Glengarry Glen Ross

Glengarry Glen Ross (1992)
Artisan Entertainment
Cast: Al Pacino, Jack Lemmon, Ed Harris, Kevin Spacey
Extras: Commentaries, Featurettes, Tribute to Jack Lemon, Biopraphies, Production Notes

A quick look at the credits of "Glengarry Glen Ross" tells you immediately that the movie you are about to see must be something very special. I’m not limiting myself to the cast in this case but also include writer David Mamet, who has brought us such varied films as "Ronin, ", "Wag The Dog," "Hoffa" and "Hannibal" and director James Foley whose work spans from Madonna music videos to gritty films like "The Corruptor." But of course also the cast is absolutely amazing, featuring Al Pacino, Alec Baldwin, Ed Harris, Jack Lemmon, Alan Arkin, Kevin Spacey and Jonathan Pryce. Does it get any more accomplished than that?

After years of waiting, Artisan Home Entertainment finally delivers "Glengarry Glen Ross" on DVD in a 2-disc set to celebrate the movie’s 10th Anniversary, and to say it’s a great release is in fact an understatement.

A group of real estate telemarketers get a visit from the main office one day in the form of the company bully Blake (Alex Baldwin). Diminishing and intimidating everyone in the room he tells them that they are all out of a job, unless they manage to be one of the two highest grossing salesmen in the office by the end of the month. "Third prize is, you’re fired!" is the new company motto. With that he leaves the men in their misery as they begin the struggle to save their hides. The main problem is that these salesmen are given weak leads – names and addresses of people who are known not to buy real estate or how are insolvent to begin with. Ultimately it is a hopeless prospect and each of the men begins forging plans how to make the quota.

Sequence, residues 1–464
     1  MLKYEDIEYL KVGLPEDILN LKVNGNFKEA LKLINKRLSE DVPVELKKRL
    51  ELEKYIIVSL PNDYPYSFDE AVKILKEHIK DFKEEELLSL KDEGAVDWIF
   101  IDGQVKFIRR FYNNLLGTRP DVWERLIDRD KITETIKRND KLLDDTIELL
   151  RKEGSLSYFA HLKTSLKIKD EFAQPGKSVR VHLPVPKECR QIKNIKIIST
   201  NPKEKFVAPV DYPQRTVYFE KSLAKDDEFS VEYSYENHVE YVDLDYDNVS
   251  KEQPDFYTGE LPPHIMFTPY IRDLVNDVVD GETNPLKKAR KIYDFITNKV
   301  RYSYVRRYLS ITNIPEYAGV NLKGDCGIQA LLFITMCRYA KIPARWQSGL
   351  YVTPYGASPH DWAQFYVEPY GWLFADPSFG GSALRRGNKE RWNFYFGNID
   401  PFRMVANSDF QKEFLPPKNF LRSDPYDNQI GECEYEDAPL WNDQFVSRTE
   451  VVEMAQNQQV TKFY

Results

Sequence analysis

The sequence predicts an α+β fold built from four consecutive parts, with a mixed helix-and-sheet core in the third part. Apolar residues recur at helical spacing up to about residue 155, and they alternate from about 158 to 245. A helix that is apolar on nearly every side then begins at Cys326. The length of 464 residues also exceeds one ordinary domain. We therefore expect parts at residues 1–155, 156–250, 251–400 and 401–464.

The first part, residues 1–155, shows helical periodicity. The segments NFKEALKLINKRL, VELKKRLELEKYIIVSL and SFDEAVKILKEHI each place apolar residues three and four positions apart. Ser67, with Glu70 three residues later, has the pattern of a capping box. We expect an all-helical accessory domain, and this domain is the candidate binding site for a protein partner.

Eloquently the movie explores a variety of characters as they are thrown into this extreme situation. Unlike what you may first expect, the film is not so much about a look behind the scenes of high pressures sales – it could be planted into virtually any of today’s performance based job environments – but much more about the dynamics between people, the way how they handle the pressure per se and how their methodology and mentality can make the difference. Carefully, the film lets us observe how each of the characters deals with the situation and how frictions, peer pressure, their past and present circumstance shape each one of them into what they are. "Glengarry Glen Ross" is a character drama par excellence but be forewarned, it is a very dialogue-heavy film.

The DVD contains an <$16x9,anamorphic> 2.35:1 <$PS,widescreen> version of the movie as well as a brutally cropped <$PS,fullscreen> presentation. Interestingly, Artisan did not include both versions of the film on one disc and the supplements on the other. Instead the studio created a disc for each version, and then spread the extras across the remaining space on both discs. It makes finding some extras a bit more tedious than necessary as you have to swap discs back and forth. The transfers are free of grain and absolutely clean, without ever showing a hint of a speckle. The image definition is impressively bringing out even the most subtle nuances in the print. No edge-enhancement is evident, giving the transfer a very smooth and film-like appearance. Colors are faithfully reproduced, creating natural looking fleshtones as well as rich and vibrant hues that never bleed. Blacks are deep and solid creating shadows that are finely delineated and never break up. The compression is also without flaws turning "Glengarry Glen Ross" into a very impressive showing.